Commentary by Missouri State Senator Gary Nodler (R-32 representing the people of Newton, Jasper and Dade counties)
"Yes" vote for Proposition C hurts nobody
Voters throughout Missouri on August 3, 2010, will be the first in the nation to have the opportunity to weigh in on the federal health care legislation passed by Congress. Thanks to legislation passed by the General Assembly during the 2010 legislative session, Missourians will be able to make their voices heard on whether they want the federal government to mandate their health care decisions.
Proposition C is on the August 3 primary ballot. Also called the Health Care Freedom Act, the ballot measure originates from a bill passed earlier this year. I co-sponsored the original measure to protect the rights of citizens in this state. If voters approve Proposition C, it will result in a constitutional amendment providing that no federal law can compel a patient, employer, or health care provider in our state to participate in any government or privately run health care system, protecting the right of patients and employers to pay directly for legal health care services.
Since the federal government passed the health care legislation, I have spoken out about my opposition to the so-called “reform.” It is a costly venture that violates the individual rights of citizens. Heightening costs will also create a serious funding dilemma for states as they try to pay for an outrageous expansion in Medicaid costs. The law hurts businesses as they are forced to cover costs for their employees. When Congress passed this legislation, I heard from a number of Missourians who were concerned that their rights were being violated. With the Health Care Freedom Act, citizens have the opportunity to make their voices heard.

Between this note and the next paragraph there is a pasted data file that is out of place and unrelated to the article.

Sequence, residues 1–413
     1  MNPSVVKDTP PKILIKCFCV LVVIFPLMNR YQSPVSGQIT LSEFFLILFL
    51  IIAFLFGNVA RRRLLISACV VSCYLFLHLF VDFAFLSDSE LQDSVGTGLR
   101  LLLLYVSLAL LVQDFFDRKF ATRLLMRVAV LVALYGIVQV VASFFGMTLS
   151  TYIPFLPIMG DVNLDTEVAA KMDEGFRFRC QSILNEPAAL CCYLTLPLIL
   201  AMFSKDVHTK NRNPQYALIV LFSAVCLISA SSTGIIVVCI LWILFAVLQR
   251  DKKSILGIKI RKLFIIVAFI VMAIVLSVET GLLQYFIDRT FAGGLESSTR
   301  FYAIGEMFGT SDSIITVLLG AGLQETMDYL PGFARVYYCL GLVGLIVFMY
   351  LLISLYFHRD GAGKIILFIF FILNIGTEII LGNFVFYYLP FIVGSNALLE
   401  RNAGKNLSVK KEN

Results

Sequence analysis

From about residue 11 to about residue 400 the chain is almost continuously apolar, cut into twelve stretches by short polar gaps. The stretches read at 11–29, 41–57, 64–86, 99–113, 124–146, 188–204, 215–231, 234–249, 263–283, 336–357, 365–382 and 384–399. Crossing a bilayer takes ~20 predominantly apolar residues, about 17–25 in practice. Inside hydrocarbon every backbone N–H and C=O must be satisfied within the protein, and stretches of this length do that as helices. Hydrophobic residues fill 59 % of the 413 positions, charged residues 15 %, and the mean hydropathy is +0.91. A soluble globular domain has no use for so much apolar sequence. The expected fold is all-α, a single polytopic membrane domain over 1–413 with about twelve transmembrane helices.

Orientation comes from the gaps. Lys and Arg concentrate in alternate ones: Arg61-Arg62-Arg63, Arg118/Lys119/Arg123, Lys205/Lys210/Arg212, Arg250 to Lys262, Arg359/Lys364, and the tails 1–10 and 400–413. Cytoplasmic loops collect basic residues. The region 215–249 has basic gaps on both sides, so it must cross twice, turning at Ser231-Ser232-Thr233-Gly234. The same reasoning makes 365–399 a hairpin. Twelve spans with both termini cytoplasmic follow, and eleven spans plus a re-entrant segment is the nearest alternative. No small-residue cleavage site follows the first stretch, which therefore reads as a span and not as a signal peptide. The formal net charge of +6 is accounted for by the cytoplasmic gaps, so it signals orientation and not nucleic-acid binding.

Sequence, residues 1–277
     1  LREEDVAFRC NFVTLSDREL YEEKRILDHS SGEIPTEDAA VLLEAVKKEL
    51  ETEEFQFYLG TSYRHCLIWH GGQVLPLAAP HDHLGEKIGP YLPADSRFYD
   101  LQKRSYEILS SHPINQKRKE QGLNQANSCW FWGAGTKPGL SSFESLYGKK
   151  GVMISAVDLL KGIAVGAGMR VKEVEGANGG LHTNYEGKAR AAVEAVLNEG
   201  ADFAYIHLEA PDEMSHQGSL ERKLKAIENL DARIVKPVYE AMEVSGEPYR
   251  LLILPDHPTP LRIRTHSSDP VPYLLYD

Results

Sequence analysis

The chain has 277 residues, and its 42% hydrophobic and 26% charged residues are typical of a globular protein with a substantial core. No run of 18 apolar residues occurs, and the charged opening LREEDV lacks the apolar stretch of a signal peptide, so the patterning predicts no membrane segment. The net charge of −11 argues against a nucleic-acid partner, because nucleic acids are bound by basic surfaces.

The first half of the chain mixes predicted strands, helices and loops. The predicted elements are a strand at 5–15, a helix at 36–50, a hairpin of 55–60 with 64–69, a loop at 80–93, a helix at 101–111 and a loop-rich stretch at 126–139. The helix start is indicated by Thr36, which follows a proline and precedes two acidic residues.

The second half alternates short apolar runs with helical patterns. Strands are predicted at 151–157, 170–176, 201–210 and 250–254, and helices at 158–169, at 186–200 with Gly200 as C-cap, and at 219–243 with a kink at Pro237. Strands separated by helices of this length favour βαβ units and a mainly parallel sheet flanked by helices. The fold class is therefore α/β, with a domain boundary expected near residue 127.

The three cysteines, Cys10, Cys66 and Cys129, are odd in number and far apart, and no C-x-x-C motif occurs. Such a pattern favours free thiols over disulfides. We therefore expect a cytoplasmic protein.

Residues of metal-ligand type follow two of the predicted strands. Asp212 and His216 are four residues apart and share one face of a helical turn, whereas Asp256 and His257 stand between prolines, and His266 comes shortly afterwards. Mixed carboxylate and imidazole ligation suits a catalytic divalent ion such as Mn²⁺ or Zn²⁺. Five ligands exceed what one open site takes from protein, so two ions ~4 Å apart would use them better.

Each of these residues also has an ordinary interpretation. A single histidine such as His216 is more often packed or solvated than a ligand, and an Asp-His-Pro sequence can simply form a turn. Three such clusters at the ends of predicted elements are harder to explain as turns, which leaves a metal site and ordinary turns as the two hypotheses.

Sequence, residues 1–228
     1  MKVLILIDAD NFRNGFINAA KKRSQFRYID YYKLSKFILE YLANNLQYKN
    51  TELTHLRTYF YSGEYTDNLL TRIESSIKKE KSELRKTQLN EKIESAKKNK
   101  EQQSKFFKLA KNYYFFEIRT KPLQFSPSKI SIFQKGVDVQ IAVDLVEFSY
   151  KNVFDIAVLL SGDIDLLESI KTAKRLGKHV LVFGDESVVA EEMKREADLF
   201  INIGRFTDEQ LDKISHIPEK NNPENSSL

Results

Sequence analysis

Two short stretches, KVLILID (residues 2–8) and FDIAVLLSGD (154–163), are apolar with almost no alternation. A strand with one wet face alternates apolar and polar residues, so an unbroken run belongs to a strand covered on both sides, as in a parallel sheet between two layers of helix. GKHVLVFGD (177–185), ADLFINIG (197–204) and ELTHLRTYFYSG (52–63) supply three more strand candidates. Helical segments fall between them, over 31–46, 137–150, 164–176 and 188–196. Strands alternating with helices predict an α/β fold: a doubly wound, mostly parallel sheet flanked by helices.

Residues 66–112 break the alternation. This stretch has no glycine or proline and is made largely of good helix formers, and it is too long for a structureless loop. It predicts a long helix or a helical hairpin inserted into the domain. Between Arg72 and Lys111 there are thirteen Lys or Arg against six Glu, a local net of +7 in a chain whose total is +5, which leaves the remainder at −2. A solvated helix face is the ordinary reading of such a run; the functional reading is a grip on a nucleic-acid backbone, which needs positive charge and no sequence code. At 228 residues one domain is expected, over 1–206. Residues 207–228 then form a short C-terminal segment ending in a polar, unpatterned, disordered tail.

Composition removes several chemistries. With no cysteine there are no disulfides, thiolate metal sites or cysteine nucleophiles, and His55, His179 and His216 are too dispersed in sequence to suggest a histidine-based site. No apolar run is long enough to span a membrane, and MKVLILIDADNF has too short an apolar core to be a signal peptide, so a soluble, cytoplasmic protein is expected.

The passage of Proposition C would provide citizens with health care freedom — whether they chose to buy a private plan, use the federal plan, or purchase no plan at all. On August 3, you will be able to cast your vote and tell the federal government whether you think they should have the authority to penalize you for exercising your health care freedom.
Getting banks to loan money again
This session, I drafted a resolution approved by the Legislature and sent to Washington, D.C. urging the federal government to reverse their course in implementing federal regulations that severely limit banks’ ability to lend. Senate Concurrent Resolution 33 made it clear that Missouri supports small businesses in this state, and that we want lending practices to change.
Community banks throughout Missouri are facing a situation where their hands are tied because they face tighter regulations from the Comptroller of the Currency, Federal Reserve, and Missouri Division of Finance. This overly restrictive credit environment actually provides banks with an incentive not to issue loans. I sponsored SCR 33 to encourage the federal government to instead give community banks the right tools to start lending again.
The federal government, however, refuses to listen to the outcry from small business owners, community banks, and even state legislatures. Now, the private sector has taken the matter into its own hands. Sam’s Club, for example, is testing a program with Superior Financial Group. The program will offer small business loans ranging from $5,000 to $25,000 to qualifying Sam’s Club business members. To qualify, applicants will need to meet basic credit criteria and be a member of Sam’s Club. The loan program is regulated by the Small Business Administration.
According to a survey conducted by the National Federation of Independent Business, only half of small businesses that tried to borrow last year got all or most of what they needed. In the mid-2000s, 90 percent of businesses said they got the loans they needed. This is a problem that affects, not just small business owners, but our entire economy. I continue to urge the federal government to relax regulations and give our community banks the ability to do what they do best. However, with the federal government refusing to act, I am pleased to see that some organizations are stepping up and filling the gap and working to stimulate economic recovery.